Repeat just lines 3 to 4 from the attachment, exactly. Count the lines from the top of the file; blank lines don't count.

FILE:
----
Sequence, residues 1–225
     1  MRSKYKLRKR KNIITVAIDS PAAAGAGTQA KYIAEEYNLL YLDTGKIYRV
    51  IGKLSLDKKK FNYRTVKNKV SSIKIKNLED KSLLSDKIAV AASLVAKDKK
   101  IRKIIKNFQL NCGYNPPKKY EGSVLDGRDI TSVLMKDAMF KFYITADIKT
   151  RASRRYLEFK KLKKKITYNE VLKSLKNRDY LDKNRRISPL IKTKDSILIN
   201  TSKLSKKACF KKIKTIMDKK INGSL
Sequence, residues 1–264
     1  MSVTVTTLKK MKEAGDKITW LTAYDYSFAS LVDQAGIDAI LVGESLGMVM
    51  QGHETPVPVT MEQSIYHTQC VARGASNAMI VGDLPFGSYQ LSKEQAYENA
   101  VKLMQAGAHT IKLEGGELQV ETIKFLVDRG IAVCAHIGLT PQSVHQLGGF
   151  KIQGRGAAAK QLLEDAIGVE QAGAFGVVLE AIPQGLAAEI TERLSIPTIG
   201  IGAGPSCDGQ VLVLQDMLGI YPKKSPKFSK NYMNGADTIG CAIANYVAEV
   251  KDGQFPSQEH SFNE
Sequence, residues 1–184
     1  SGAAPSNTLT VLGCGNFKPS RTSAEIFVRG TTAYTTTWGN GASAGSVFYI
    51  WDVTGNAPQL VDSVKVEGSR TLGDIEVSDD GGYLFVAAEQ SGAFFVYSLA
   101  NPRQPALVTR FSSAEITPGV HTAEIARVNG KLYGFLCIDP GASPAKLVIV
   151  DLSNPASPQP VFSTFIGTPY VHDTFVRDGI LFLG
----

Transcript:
    51  IGKLSLDKKK FNYRTVKNKV SSIKIKNLED KSLLSDKIAV AASLVAKDKK
   101  IRKIIKNFQL NCGYNPPKKY EGSVLDGRDI TSVLMKDAMF KFYITADIKT